Imperial Metals vice president of corporate affairs Steve Robertson gives Cariboo-Chilcotin MLA Donna Barnett a geology lesson during a tour of the mine with local politicians Wednesday.

Imperial Metals vice president of corporate affairs Steve Robertson gives Cariboo-Chilcotin MLA Donna Barnett a geology lesson during a tour of the mine with local politicians Wednesday.

Political representatives tour Mount Polley

Cariboo Regional District Chair Al Richmond said he was relieved to see the restoration work being done in the Hazeltine Creek area.

After touring the Mount Polley Mine breach site Wednesday with other politicians and officials, Cariboo Regional District Chair Al Richmond said he was relieved to see the restoration work being done in the Hazeltine Creek area.

“I am pleased to stand on the ground today and see the clear water running in the creek, the vegetation growing and the area partially repaired,” Richmond said, adding to see it in person also gave him a better understanding of the magnitude of the breach.

Mayor Walt Cobb was also impressed.

“When you compare it to a year ago it’s amazing to see what we’re back at now,” Cobb said.

Cariboo-Chilcotin MLA Donna Barnett was on site the day of the breach on Aug. 4, 2014 and said a year later it looked like a different place.

Cariboo North MLA Coralee Oakes thanked the company for communicating with communities throughout the year.

“All along you communicated what was happening,” Oakes told Imperial Metals staff. “You recognized that there were fears and concerns and were able to respond.”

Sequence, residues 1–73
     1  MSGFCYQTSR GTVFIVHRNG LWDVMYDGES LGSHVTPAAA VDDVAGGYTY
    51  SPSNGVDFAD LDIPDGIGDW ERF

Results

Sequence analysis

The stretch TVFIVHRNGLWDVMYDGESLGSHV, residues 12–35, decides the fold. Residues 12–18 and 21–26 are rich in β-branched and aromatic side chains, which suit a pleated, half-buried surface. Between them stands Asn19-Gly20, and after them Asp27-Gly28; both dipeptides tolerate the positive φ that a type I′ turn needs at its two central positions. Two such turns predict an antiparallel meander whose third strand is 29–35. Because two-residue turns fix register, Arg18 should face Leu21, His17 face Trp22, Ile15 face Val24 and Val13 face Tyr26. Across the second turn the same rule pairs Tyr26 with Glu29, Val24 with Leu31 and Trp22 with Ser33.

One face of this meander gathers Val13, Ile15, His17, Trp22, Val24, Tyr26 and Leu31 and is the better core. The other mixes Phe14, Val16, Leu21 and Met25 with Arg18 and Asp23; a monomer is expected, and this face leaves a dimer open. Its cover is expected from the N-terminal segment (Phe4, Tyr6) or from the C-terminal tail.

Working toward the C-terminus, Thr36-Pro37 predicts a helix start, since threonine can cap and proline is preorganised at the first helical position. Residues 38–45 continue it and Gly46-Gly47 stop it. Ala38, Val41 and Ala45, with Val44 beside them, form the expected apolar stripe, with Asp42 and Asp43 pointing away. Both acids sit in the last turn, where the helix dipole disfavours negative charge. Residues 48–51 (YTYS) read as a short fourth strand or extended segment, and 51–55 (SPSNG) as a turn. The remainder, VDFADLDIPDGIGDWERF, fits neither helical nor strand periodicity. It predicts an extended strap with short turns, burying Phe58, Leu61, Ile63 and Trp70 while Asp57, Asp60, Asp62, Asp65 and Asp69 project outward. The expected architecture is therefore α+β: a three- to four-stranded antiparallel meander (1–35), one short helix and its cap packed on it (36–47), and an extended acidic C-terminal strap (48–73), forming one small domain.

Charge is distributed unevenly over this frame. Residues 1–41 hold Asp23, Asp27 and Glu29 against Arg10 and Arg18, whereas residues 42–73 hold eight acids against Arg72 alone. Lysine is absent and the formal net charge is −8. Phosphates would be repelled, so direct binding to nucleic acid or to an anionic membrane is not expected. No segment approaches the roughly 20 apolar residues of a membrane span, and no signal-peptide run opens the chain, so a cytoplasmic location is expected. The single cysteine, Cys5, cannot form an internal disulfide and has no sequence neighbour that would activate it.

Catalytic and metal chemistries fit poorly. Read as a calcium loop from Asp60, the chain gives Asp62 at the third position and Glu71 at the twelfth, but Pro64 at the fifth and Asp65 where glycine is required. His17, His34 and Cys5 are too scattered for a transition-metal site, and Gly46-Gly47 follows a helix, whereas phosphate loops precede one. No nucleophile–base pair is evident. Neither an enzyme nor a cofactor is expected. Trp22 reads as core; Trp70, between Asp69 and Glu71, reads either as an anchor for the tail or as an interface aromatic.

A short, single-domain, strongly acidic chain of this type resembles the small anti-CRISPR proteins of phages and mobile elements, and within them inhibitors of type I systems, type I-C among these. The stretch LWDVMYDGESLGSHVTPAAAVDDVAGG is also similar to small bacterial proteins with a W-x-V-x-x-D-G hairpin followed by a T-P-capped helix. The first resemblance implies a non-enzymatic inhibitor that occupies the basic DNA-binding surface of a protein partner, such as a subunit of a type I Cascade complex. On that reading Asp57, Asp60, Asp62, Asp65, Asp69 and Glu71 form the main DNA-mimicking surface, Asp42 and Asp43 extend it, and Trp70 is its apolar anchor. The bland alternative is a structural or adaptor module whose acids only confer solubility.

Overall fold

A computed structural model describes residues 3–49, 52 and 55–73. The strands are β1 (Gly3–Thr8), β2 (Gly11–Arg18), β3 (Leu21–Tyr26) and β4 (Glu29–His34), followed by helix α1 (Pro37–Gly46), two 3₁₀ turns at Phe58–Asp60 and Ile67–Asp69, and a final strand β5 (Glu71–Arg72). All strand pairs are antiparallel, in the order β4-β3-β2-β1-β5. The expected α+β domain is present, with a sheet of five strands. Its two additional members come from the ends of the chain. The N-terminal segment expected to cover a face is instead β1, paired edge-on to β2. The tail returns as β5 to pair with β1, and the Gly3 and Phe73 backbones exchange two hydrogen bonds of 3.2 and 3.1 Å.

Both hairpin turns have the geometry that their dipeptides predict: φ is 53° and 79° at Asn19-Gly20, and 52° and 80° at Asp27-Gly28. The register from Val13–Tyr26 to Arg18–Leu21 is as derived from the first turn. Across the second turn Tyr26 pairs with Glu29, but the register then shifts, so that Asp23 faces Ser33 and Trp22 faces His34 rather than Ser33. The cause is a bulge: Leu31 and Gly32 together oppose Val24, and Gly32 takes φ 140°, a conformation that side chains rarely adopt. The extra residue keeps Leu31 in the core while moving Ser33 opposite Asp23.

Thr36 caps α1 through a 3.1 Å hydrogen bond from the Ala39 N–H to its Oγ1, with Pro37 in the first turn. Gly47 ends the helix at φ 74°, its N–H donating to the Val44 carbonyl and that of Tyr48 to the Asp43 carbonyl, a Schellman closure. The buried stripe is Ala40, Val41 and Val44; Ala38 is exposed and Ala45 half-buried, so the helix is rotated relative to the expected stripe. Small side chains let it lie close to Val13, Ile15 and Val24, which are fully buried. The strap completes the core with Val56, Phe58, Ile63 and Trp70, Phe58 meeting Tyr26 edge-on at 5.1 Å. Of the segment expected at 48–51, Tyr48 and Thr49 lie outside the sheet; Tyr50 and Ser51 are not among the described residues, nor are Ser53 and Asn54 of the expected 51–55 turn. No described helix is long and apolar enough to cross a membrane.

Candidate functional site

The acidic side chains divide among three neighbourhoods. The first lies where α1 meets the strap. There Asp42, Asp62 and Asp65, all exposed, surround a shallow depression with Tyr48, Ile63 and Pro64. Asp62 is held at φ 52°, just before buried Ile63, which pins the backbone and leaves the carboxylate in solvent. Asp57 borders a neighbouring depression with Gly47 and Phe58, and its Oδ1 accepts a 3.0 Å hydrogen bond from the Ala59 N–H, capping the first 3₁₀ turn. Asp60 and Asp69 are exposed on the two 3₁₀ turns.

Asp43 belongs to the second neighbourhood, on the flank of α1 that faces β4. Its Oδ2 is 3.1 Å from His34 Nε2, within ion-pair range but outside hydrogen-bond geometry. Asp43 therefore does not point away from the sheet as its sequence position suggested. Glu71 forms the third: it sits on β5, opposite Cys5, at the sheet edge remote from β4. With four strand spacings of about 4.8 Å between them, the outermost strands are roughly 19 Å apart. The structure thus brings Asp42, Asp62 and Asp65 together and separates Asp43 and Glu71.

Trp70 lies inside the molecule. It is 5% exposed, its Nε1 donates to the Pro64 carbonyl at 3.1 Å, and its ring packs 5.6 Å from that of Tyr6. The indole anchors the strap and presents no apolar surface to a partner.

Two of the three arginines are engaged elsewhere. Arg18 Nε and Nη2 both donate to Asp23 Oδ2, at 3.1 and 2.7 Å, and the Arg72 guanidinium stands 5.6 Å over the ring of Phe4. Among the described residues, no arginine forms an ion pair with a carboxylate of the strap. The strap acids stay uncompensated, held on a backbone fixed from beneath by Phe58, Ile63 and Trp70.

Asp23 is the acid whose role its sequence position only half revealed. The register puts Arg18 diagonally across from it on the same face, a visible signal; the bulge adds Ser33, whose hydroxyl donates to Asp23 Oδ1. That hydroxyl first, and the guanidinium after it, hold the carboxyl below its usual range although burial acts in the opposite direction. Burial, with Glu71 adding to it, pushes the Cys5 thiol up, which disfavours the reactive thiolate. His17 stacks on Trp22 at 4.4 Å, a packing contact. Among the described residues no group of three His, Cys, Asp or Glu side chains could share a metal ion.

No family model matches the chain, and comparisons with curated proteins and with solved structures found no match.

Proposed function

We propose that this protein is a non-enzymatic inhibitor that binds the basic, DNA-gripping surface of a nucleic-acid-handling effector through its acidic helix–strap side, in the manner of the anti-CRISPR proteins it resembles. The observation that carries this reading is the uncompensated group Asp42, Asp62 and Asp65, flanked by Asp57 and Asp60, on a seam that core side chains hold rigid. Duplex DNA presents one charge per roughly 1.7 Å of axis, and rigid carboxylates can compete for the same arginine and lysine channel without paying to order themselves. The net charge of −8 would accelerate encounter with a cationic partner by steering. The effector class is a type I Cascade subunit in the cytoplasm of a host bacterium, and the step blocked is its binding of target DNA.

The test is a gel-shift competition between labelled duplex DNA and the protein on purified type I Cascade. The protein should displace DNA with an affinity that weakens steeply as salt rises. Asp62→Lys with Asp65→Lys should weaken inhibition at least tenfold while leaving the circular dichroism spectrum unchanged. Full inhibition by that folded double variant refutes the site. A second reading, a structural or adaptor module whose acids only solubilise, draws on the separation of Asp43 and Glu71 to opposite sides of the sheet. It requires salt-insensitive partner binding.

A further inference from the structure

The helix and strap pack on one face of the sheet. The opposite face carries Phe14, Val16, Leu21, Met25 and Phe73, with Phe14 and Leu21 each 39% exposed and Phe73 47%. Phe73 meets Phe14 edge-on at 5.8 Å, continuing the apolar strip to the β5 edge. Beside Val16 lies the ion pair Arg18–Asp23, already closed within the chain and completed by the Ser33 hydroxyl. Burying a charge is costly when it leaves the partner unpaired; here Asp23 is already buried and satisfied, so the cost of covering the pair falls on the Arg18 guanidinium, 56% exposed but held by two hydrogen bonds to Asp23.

It was the first time Mining Association of Canada president and CEO Pierre Gratton had visited the breach site.

Specifically, he was impressed with the spreading of woody debris along the Hazeltine Creek restoration area.

“You are going the extra mile to really restore this place,” Gratton said.

Likely community co-ordinator Lisa Kraus reminded the group that many of the people working on the restoration work live in the area and want it to look nice.

“They are giving it their heart and soul,” Kraus said. “One of the fellows on the excavator is from Mitchell Bay and he’s going to do his best to make it look good for us who live here. I know they are working for you and you guys designed it, but we want it to look the best it can.”

To date the company has spent $67 million on remediation and while he couldn’t pinpoint when the work will be completed or how much more it will cost the company, Imperial Metals vice-president of corporate affairs Steve Robertson anticipated it will still take a “long time” to get to the end.

“It is a major milestone that we got the mill up and running Tuesday,” Robertson said, noting there are 186 people working and he’s hopeful that number will reach 220.

To return to the 370 employee mark the mine had prior to the breach would require the company acquiring a water discharge permit and a long-term plan for a tailings storage facility, said Mount Polley Mine general manager Dale Reimer.

“We still have a number of hurdles to overcome,” he said.

The sooner the company can stop using the Springer Pit to store tailings the better, said Imperial Metals president Brian Kynoch.

“One day we will have to dig all the tailings out of Springer Pit because the biggest part of the resource left here is underneath the bottom of the Springer Pit,” Kynoch said. “Yeah we’ve got almost a year, but just because we have that time doesn’t mean we should take that long.”

The next round of community meetings are scheduled for the last week of August. They will be in Likely Aug. 24, Xat’sull Aug. 25, Williams Lake Aug. 26, and Quesnel on Aug. 27.

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